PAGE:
AF is often asymptomatic and undiagnosed and is responsible for around a third of all strokes.
The team ran a trial in ten community pharmacies using the device, the AliveCor Heart Monitor for iPhone (iECG) which uses an iPhone with special case to take a single-lead ECG reading. The trial is now continuing in a number of Sydney-based General Practices.
Researcher Nicole Lowres, whose work was funded by the Heart Foundation, says the team planned to use a handheld ECG for the project but the AliveCor device was a better option.
Tomorrow I’m giving a webinar for MSIA members called “Embedding clinical safety in medical software implementations”. MSIA members can consult their MSIA releases for webinar details.
In this webinar, I’ll be looking at clinical safety from a vendor/system developer point of view
I’m going to be focusing on the real world challenges faced by people who make decisions about how systems will work. Usually this is vendor architects and analysts, but can also include developers, in-house teams, and government architecture and purchase teams.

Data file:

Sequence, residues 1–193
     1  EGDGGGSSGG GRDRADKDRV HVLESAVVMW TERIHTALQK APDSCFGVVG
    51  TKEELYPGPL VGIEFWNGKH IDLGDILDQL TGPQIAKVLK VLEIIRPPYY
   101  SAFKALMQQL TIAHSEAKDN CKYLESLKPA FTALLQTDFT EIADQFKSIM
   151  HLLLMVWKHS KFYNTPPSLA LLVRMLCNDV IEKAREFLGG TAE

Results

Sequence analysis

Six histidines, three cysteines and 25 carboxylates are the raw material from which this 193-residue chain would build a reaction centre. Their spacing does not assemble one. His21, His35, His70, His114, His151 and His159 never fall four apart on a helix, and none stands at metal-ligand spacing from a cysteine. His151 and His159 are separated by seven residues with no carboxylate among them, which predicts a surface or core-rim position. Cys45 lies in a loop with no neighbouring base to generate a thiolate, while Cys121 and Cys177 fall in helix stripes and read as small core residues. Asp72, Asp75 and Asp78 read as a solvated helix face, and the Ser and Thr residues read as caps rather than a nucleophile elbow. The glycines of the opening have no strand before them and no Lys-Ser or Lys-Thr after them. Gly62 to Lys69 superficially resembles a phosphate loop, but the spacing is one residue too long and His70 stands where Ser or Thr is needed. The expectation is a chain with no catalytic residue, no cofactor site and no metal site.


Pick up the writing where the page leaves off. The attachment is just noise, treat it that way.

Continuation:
Mapping technology can assist in combatting Australia’s mental health challenges by pinpointing specific regions most in need of funding and resources, according to a geo-health expert. In light of new figures that 45 per cent of Australians aged 16-85 years will experience a common mental health-related condition, Geographic Information System (GIS) technology has emerged as a tool to determine exactly where medical services are required to address and treat the issue.
NBN Co still doesn't know how more than a million analog-connected devices such as medical pendants and security alarms will continue to be supported when the Telstra copper network is replaced with an NBN fibre connection to homes.